In cooperation with the Goethe Institute the contemporary art festival Survival Kit 13 is organizing The Hearing Voices Café – an ambitious program of events, which will take place in a pop-up cafe at the festival venue which will be open throughout the duration of the festival in cooperation with the "Borscht - dinner with Ukrainians" team.

The Hearing Voices Café is a project of the Goethe-Institut incorporated into a comprehensive package of measures for which the Federal Foreign Office provides funding from the 2022 Supplementary Budget to mitigate the effects of the Russian war of aggression against Ukraine.

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30 September, TO CATCH THE TRUTH

FRIDAY, 30 September

To Catch the Truth
A talk on artistic and journalist ethics and a screening of Ukrainian documentalist classic “Man with a Movie Camera”


Venue: “Hearing Voices Café”, Pils iela 23

The event will be held in English.

Freedom is not just independence. Freedom is the will, ability, and responsibility to use one’s voice to speak and act for the common good. The principles of free speech and access to information are at the heart of democratic societies, which is why they are often the most visible areas of conflicts and clashes. These clashes are evident not only in today’s Russia or Belarus or the 1980s Baltics, but also in everyday life when trying to agree on principles of communication with friends or family. Thanks to the development of technology, new challenges have arisen - information overload, tracking, cancel culture, deepfakes and social bubbles. But while in the mid-1990s more than a fifth of Latvian citizens valued freedom of communication highly, current research shows that less than 10% of Latvians consider this principle to be important. In journalism, freedom is more or less regulated by professional codes of ethics, which require adherence to objectivity, respect for others, disclosure of sources and means of attaining information. Yet there are more and more situations in which convictions, conscience or even newly introduced rules come into conflict with these principles. How to act? How to measure the common good? And is the emotionally loaded message of a responsible artist not more credible than that of a journalist forced to cover a populist spectacle in a post-truth crisis?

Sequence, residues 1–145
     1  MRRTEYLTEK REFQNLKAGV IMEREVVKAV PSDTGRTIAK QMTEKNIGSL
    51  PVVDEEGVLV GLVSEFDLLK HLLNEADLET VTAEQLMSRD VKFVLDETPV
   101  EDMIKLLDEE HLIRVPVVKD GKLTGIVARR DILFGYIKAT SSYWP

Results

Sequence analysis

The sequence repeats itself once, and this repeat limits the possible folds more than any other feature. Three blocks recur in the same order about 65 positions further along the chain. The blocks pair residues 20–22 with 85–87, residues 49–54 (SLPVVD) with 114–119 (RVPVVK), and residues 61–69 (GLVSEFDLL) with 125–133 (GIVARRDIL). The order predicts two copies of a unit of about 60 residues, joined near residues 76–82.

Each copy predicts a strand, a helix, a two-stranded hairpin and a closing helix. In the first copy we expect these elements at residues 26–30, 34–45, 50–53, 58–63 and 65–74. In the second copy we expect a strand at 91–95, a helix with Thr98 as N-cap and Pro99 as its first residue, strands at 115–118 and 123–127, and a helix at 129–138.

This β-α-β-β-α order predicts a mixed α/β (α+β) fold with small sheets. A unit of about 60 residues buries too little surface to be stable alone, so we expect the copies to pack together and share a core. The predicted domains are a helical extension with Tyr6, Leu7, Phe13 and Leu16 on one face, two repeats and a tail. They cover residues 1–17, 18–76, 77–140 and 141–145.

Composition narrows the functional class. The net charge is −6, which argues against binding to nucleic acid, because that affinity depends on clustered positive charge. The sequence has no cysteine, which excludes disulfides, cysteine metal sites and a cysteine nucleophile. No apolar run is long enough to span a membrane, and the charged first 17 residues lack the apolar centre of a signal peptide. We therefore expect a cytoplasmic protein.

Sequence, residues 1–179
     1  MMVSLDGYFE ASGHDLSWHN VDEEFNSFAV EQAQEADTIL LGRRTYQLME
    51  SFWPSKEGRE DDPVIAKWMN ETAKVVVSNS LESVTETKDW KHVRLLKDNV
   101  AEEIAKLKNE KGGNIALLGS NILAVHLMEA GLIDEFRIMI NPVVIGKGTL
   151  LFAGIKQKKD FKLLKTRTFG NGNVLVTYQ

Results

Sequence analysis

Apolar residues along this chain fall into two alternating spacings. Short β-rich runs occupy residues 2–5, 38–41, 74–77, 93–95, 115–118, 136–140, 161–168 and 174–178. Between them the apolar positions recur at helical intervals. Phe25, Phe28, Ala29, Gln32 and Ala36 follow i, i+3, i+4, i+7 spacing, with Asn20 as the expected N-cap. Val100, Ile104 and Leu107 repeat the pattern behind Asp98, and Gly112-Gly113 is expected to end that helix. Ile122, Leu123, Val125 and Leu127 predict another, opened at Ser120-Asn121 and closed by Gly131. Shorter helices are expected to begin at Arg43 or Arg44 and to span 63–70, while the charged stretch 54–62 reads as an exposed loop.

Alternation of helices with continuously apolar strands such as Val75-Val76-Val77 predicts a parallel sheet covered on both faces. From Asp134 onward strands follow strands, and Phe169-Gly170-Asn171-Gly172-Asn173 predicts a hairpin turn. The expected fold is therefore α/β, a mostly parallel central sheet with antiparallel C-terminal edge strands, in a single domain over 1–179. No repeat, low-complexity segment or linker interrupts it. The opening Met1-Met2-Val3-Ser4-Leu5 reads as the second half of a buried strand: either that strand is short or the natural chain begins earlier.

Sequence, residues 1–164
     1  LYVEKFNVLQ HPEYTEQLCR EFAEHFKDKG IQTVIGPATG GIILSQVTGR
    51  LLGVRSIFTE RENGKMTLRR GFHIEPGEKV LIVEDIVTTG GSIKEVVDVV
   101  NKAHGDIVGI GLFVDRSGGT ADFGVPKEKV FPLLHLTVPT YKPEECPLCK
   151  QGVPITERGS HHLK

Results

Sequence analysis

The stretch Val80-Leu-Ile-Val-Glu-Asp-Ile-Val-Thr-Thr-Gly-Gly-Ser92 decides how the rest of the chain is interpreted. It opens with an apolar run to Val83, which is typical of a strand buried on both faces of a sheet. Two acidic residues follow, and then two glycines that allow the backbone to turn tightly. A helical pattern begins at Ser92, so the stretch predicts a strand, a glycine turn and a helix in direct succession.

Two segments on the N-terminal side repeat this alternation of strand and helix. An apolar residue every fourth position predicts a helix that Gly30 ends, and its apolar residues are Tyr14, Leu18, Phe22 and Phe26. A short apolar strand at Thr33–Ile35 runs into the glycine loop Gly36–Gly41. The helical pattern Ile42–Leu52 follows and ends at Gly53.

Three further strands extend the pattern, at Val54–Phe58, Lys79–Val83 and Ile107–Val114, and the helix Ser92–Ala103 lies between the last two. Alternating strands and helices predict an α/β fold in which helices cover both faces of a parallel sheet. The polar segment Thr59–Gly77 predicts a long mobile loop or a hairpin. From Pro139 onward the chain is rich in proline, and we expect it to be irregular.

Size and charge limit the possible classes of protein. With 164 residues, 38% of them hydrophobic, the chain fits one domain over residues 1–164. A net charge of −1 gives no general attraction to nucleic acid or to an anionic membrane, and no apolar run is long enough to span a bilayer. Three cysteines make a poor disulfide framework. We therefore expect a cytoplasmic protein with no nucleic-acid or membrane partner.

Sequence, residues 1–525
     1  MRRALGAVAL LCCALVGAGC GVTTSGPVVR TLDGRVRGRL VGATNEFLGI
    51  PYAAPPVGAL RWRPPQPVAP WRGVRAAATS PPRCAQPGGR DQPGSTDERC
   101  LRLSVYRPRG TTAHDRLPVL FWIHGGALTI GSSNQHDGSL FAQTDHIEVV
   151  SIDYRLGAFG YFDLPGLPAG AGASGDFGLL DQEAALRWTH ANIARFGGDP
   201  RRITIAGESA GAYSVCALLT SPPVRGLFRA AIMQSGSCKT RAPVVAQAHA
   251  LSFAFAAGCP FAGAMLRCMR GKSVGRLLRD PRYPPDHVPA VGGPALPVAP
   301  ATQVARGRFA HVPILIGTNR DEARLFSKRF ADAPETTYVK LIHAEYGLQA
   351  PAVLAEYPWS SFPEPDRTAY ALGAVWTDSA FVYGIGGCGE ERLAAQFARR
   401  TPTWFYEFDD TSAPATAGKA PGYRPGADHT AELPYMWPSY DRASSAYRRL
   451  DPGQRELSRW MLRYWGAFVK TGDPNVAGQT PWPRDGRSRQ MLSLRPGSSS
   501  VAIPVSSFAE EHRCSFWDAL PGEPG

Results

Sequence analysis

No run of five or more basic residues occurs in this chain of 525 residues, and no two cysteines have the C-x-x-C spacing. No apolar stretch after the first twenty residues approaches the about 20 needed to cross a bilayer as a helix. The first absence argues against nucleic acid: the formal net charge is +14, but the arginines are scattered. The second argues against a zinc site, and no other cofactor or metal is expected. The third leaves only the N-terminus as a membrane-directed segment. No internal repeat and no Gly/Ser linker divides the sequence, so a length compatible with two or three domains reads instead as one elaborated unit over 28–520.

This is what we will discuss in a conversation with communication researcher Ilva Skulte, journalist Rita Ruduša, artist Sabīne Šnē, choreographer Darja Kalashnikova and the joint artist project Stichit - Rufina Bazlova and Sofia Tochara. The discussion will focus on the legacy of the Singing Revolution in the sphere of communication principles, the role of contemporary art in covering socio-political issues and contemporary issues in the ethical practice of journalism.

The discussion will be followed by a screening of the classic film Man with a Movie Camera by Soviet filmmaker Dziga Vertov. The film is an exemplary work of documentary avant-garde, a conscious experiment that for aesthetic reasons is not based on any script, portraying the everyday life in the Soviet metropolis of Moscow as well as the cities of Odessa, Kharkiv, Kyiv, all in a mechanised love poem dedicated to the working class and industralisation. Highly influenced by Marxist ideology and Soviet urban ideals, in his masterpiece Man with a Movie Camera Vertov creates a silent symphony for the symbiotic relationship between the man and the machine blossoming in the daily rutine of the working class.